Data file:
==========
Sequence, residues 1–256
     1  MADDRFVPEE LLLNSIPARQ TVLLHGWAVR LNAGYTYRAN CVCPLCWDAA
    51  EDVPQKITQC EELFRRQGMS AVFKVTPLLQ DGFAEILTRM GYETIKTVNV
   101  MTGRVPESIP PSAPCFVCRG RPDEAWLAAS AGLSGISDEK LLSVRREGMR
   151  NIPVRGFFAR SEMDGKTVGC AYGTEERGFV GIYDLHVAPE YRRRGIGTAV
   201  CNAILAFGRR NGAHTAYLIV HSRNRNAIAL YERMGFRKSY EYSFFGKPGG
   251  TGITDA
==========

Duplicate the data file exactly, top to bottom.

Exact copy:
Sequence, residues 1–256
     1  MADDRFVPEE LLLNSIPARQ TVLLHGWAVR LNAGYTYRAN CVCPLCWDAA
    51  EDVPQKITQC EELFRRQGMS AVFKVTPLLQ DGFAEILTRM GYETIKTVNV
   101  MTGRVPESIP PSAPCFVCRG RPDEAWLAAS AGLSGISDEK LLSVRREGMR
   151  NIPVRGFFAR SEMDGKTVGC AYGTEERGFV GIYDLHVAPE YRRRGIGTAV
   201  CNAILAFGRR NGAHTAYLIV HSRNRNAIAL YERMGFRKSY EYSFFGKPGG
   251  TGITDA